The struggle is real. Usually it’s the transition to the toddler bed that starts it and they come get mom and ask for ten thousand things to avoid sleep and maintain attention. So how do we force our kiddos to stay in bed so we can actually relax? Try these helpful tips:
One of the pre-bed activities many pediatricians recommend is tracing shapes, letters, etc. on the child’s back before bed. It sounds a little wacky but it’s supposed to calm the child down and help them focus on their body. When your child is paying attention to how they are physically feeling they will be more likely to also mentally feel tired.
There are little alarm clocks you can get for your child that have a green and green light on it. When the light is green it means get up it’s time to play! When the light is red it means stay in bed. This is a simple system that works great for children who need to understand the concept of night time/ nap time is for staying in bed.
Reward systems are great incentives for cleaning up, doing simple chores and good behavior; it can also work for bed time! For parents who have children that are also potty training try a token system. Your child gets 1 or 2 ‘tokens’ (fake coins, poker chips, etc.) and if they need to get out of bed for reasons other than the potty they have to ‘pay’ to get up. Potty trips that don’t result in anything other than a conversation about Thomas the Tank cost a token- that helps combat ‘fake’ bathroom visits. Any unused tokens go into the jar in the morning which can be applied to a prize (toy, trip to the park, etc.). With a bit of helpful questioning “Are you sure getting that toy downstairs is worth a token?” your child will soon catch on that each token has a value.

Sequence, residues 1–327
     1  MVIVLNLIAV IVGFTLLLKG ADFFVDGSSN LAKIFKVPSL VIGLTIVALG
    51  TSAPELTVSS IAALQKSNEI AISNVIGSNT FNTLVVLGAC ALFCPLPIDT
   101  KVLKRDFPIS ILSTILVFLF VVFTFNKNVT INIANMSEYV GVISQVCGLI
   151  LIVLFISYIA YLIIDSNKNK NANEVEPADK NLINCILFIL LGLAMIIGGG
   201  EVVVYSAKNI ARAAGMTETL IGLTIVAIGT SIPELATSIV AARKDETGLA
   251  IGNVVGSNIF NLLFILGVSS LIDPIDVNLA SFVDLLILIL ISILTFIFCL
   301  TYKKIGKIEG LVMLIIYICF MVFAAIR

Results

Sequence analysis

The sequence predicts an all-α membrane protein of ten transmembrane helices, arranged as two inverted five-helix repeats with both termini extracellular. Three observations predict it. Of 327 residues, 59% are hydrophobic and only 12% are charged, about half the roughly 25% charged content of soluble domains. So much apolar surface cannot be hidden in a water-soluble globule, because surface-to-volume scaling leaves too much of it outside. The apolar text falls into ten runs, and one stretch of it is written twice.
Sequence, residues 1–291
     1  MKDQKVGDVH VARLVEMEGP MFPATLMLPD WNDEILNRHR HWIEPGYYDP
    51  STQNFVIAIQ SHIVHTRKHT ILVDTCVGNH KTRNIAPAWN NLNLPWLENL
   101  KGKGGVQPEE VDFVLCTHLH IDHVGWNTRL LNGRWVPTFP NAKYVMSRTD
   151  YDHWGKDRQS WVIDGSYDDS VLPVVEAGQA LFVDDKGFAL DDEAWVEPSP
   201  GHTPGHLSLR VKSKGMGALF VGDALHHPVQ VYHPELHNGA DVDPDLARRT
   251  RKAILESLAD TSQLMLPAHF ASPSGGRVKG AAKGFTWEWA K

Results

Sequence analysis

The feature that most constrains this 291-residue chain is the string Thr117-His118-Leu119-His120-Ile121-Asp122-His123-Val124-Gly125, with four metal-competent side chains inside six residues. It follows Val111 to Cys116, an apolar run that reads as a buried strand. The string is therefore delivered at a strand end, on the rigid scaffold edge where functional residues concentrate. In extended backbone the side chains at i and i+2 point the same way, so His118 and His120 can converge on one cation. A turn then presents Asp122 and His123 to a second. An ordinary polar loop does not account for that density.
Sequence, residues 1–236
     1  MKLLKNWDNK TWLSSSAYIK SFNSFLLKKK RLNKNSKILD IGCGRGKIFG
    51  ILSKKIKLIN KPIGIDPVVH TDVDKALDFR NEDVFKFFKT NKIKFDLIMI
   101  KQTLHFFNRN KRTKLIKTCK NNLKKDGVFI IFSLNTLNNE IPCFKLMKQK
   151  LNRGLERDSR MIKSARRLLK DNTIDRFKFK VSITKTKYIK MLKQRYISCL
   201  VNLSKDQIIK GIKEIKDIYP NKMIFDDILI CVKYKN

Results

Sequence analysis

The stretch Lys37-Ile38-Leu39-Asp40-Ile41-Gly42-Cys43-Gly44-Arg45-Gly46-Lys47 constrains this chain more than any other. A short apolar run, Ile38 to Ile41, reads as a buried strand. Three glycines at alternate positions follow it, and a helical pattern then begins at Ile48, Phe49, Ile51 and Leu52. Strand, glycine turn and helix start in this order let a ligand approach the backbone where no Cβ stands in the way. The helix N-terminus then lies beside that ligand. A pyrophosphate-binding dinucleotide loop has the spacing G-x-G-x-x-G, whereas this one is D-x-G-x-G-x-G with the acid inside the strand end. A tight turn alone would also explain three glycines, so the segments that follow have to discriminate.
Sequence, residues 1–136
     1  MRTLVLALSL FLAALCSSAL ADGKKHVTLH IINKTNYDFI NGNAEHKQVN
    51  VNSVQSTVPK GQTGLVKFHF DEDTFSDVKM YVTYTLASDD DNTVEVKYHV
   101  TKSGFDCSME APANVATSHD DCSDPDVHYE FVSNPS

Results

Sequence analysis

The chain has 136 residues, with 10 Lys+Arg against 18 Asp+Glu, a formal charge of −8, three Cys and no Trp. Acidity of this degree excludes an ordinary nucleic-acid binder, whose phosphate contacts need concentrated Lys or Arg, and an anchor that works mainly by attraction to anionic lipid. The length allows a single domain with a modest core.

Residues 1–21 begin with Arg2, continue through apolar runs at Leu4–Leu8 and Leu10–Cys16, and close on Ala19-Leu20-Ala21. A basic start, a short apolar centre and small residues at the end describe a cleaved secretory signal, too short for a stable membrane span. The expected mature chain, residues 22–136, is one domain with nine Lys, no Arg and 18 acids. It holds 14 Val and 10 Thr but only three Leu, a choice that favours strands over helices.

Baby gates. Your child is locked in their room where they are safe but the door itself isn’t locked. You can still see him/her and talk to them as needed. While at first this may seem like ‘caging’ your child, remember you just had them in a crib and this is really no different! When your child was in a crib they had clear boundaries of where they could go, once they are transitioned into a bed those boundaries are a little more fuzzy. The gate will help your child understand their new ‘territory’ and make the transition less overwhelming.
If all else fails try boring your child into submission. The idea is you give your child an option; you can either stand here in this really boring area with no toys or go to bed; what do you want to do? They can go to bed whenever they want to as long as they understand those are the only two options. The idea is; it’s better to just lay quietly in bed than stand around doing absolutely nothing. Again, this is totally not a time out, and that should be explained to the child. It’s just allowing them to choose to go to bed for themselves by giving them a less desirable other option.